This fan-made video splices clips from different movies, shows, and other pop culture bric-a-brac. The montage is a monument to randomness. Both Charlie Chaplin and Bob Saget somehow make the cut. Our favorite clips come from "Call on Me" by Eric Prydz, a terrible/awesome, more-than-slightly-erotic workout video from the '90s.
And of course, through it all, you've got Jon's friends, Raf and Abby, dancing around with their faces painted like weird mimes. It's not surprising that the real MGMT took notice and gave Jon some kudos for a job well done. The video is fun, upbeat, and visually entertaining. It definitely captures the cartoonish playfulness of the song. It's weird nonsensical nature also seems to match the song's deliberate obtuseness. Overall, though, the video seems to only skate on the surface of the song's meaning.
So, let's take a second to check out the official video. Maybe it will provide some better clues into the deeper meanings of the song. The video begins with a quote that is attributed to Mark Twain, but we know that it is actually a quote from Friedrich Nietzsche:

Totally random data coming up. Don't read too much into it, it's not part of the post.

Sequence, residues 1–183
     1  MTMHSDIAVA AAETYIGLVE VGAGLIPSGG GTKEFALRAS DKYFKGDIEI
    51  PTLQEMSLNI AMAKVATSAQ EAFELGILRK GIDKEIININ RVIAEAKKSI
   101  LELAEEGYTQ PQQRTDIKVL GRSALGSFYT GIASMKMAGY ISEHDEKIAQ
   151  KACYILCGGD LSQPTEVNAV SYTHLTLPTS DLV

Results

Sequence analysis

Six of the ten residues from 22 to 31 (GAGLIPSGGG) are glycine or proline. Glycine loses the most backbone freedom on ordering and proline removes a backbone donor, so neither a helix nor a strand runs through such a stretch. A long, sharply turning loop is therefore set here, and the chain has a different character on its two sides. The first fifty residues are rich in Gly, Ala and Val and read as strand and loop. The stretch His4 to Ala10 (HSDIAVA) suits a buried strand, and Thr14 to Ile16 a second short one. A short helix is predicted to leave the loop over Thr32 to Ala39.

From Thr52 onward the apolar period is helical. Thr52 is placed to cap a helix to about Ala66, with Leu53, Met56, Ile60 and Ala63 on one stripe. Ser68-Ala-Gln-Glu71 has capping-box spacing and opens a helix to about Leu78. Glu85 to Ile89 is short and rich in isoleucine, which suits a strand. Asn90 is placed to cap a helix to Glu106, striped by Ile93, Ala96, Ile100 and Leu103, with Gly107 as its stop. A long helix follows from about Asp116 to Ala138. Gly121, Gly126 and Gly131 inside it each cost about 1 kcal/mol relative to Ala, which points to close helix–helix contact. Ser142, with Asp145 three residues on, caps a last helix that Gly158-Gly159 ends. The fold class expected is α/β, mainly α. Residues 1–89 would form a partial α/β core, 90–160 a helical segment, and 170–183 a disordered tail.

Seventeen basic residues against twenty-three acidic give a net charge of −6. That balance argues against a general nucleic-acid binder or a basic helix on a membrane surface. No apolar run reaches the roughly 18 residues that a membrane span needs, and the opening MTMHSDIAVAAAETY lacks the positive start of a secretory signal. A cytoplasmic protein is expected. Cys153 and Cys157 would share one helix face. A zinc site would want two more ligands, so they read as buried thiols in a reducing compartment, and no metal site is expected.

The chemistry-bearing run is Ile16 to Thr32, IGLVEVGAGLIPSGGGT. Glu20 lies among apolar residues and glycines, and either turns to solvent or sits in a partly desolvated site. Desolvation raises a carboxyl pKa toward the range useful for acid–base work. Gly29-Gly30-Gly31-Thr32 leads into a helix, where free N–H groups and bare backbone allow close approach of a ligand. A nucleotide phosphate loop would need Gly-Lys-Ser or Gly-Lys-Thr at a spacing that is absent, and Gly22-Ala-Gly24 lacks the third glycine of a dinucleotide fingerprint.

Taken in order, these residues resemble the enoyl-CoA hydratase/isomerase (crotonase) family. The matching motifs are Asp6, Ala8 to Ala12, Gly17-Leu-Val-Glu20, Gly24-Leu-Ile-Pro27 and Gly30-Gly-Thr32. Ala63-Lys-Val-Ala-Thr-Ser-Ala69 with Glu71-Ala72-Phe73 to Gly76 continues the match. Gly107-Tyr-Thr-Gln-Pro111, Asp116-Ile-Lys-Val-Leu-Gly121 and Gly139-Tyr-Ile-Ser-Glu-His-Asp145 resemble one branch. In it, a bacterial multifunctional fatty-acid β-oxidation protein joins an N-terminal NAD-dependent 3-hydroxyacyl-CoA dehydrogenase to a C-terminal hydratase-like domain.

He who fights with monsters might take care lest he thereby become a monster. And if you gaze for long into an abyss, the abyss gazes also into you.
It's hard to believe that this misquote was an accident. Ben and Andrew attended Wesleyan College in Connecticut, a top-ranked liberal arts school. Their lyrics are generally intelligent and insightful, so there's a good chance the misquote is for a particular reason. What could it be? Perhaps, examining Nietzsche and Twain will give us a hint.
Friedrich Nietzsche as a German philosopher of the late 19th century who, according to the Stanford Encyclopedia of Philosophy, "challenged the foundations of Christianity and traditional morality. […] Central to his philosophy is the idea of 'life-affirmation,' which involves an honest questioning of all doctrines that drain life's energies, however socially prevalent those views might be." (Source)